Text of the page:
This is my first encounter with Sinclair Lewis. I really don’t know why I chose to read “Babbitt” first, as I also have copies of “Main Street” and “Arrowsmith”. I think it was the unusual cover of the Penguin edition, which is a picture of a painting called “Booster” by Grant Wood. To me, that picture IS Babbitt, and I’ll always be able to see Babbitt in my head whenever I’m reminded of this book.There really isn’t a lot of symbolism here (and the symbolism that is here is pretty easy to decipher) and the prose is much closer to our present day writing and speech. This is brilliant satire, and you’ll laugh out loud at many of the situations Babbitt gets himself into. An especially hilarious incident occurs when one of the local millionaire businessmen finally accepts an invitation to dine with Babbitt. The evening goes badly because Babbitt is in a lower social class. Lewis then shows Babbitt going to a dinner at an old friends house who is in a lower class then him.
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33 of 34 people found the following review helpful By Bob Newman VINE VOICE on August 8, 2001
Format: Mass Market Paperback
Sinclair Lewis and Thomas Hart Benton, the artist, were about the same age, they both focussed on the American Heartland, and as I read Lewis, I see that they both had something else in common. They both had a tendency to draw cartoonish characters. George F. Babbitt is the main character of a satire by the same name; you might even laugh aloud in some places. Lewis is skillful, but at times, heavy-handed. He has portrayed an average Joe of 1920, the pep- and vim-obsessed go-getting businessman who was the bedrock of our industrial age, hypocritical, materialist, crooked, conformist, even proto-fascist. Babbitt is a real estate agent, a family man surrounded by the wealth of material goods provided by thriving industrial capitalism. He belongs enthusiastically and unquestioningly to any organization dedicated to preserving his and his family's ready access to those goods---professional group (realtors association), Boosters, church, and set social circle. He spouts meaningless platitudes on every subject, knows nothing except the price of real estate and methods of collusion, and ignores his feelings, his family, and the rest of the world, all the while believing that his city, state, and country are the best in the world. The first 90-odd pages of BABBITT are pure genius; one of the best character portraits you are likely to find in American literature---but it is a caricature after all. Lewis' choice of names underlines his cartoonish glee in writing this brilliant novel---Vergil Gunch, Professor Pumphrey, Chet Laylock, Matt Penniman, Muriel Frink, Opal Mudge, Carrie Nork, and Miss McGoun---names that could have been annexed years later by MAD magazine ! "Babbitt" has long been a word in American English, signifying a conforming materialist citizen without a mind of his own.Read more ›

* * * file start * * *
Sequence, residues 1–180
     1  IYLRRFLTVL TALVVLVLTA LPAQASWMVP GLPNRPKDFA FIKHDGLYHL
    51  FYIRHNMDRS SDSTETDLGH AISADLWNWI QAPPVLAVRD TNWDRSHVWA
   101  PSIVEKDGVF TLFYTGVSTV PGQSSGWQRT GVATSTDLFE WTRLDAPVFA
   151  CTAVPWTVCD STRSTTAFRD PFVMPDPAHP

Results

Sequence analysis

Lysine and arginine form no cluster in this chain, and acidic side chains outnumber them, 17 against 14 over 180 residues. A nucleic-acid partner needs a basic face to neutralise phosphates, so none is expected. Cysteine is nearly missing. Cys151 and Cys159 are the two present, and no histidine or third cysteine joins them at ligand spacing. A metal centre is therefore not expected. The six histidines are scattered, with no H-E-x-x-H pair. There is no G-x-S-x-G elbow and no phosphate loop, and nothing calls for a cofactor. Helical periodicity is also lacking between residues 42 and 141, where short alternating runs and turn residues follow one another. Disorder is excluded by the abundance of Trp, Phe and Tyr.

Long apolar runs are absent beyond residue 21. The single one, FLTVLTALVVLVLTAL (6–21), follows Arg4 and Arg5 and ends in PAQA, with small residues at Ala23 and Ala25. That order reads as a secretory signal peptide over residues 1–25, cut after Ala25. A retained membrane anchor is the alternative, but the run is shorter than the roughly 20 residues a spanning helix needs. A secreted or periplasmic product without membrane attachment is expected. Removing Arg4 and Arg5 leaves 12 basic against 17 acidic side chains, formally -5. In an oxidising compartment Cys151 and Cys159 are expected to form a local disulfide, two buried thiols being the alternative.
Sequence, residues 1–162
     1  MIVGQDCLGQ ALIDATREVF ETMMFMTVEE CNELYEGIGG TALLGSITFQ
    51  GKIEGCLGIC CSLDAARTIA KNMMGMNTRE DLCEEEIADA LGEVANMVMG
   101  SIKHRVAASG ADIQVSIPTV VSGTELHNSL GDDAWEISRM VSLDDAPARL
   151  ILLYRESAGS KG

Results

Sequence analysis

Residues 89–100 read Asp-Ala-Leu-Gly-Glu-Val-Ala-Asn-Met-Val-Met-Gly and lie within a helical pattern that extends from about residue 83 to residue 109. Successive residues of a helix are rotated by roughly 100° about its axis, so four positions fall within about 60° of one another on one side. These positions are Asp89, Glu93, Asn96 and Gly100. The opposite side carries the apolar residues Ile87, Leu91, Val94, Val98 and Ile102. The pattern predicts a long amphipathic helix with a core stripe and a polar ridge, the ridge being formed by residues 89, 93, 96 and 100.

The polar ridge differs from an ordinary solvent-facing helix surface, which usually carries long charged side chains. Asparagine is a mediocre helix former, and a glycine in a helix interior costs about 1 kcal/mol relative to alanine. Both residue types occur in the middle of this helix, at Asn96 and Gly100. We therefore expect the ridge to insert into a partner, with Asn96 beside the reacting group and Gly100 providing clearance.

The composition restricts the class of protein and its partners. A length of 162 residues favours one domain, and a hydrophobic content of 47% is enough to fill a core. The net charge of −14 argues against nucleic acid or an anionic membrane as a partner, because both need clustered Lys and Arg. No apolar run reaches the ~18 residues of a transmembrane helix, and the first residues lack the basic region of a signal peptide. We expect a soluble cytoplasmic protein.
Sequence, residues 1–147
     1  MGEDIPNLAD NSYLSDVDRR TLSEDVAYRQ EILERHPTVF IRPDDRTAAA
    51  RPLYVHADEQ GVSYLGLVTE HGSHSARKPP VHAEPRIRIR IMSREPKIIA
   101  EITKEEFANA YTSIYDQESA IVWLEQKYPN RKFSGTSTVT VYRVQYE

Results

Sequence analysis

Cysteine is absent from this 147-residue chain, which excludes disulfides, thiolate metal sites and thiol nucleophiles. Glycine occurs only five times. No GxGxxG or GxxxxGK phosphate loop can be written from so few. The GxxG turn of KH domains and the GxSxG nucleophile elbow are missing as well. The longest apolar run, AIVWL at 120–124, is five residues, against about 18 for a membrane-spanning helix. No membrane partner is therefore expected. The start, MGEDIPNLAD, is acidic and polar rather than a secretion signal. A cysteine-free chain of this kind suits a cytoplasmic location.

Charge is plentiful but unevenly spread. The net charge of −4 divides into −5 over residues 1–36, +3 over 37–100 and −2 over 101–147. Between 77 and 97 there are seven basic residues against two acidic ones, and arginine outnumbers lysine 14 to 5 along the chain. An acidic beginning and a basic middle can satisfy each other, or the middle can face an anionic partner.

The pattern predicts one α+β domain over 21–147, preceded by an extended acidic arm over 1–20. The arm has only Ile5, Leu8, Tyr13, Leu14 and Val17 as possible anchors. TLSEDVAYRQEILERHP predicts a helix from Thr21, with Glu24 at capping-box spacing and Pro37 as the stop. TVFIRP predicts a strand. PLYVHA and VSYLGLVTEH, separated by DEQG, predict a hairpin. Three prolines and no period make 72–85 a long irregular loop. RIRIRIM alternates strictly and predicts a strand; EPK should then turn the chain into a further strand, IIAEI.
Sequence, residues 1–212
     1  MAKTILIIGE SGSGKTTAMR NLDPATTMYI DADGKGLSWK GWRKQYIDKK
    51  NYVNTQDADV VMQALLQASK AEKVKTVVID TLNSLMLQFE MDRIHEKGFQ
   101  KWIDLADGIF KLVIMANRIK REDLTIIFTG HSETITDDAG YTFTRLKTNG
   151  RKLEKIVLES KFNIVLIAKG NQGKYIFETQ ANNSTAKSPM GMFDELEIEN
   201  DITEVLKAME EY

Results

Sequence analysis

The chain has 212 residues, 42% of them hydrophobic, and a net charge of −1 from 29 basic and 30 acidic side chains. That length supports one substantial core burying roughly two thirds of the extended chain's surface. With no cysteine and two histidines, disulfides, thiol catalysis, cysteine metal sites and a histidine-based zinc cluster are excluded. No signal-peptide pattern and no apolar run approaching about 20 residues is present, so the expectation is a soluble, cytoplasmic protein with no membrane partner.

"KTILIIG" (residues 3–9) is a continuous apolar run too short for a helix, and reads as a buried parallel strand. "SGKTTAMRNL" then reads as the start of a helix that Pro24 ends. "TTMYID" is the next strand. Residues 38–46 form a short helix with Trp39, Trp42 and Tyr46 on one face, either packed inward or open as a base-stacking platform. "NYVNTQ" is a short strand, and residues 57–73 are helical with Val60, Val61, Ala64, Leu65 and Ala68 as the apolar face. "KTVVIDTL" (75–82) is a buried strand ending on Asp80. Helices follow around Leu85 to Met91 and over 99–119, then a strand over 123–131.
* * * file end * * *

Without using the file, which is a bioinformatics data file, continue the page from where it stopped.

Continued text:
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25 of 25 people found the following review helpful By Henry G. Obermayer on July 27, 2010
Format: Kindle Edition Verified Purchase
Sinclair Lewis has to be one of the "great" writers of all time. In Babbitt he describes an era using fictional characters to represent the times in which many changes were taking place in the social environment of our country. America was coming out of the rural age and into the age of technical development, and characters reflected the effects of these changes in Lewis' novel. Great reading, and an opportunity to reflect on an important stage in America's development.
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22 of 22 people found the following review helpful By Allen Smalling TOP 500 REVIEWERVINE VOICE on January 27, 2000
Format: Mass Market Paperback
George F. Babbitt is middle-aged and middle-class. He lives in a medium-sized home in a medium-sized city in the Middle West. He's a middleman--he sells real estate. He went to a state university and depends on his secretary to fix the spelling and grammar in his letters. His children fight over who gets to use the car. His life is pretty straight and narrow, until he begins an affair when his wife is out of town and all of a sudden things aren't so middle-of-the-road anymore.
Sound like anyone you know? But "Babbitt" was published--almost unbelievably--in 1922. Funny how little some things have changed. Lewis's satire on suburban life and its conformities was an instant hit. Even today, we know what a Babbitt is--a guy who's all show and no go--whose lifestyle and opinions have been furnished for him but maybe whose soul is a little out of whack. It's a pity that schools usually assign the much slower-paced "Main Street". Read "Main Street" to see what life used to be like. Read "Babbitt" to see how we got to where we are today.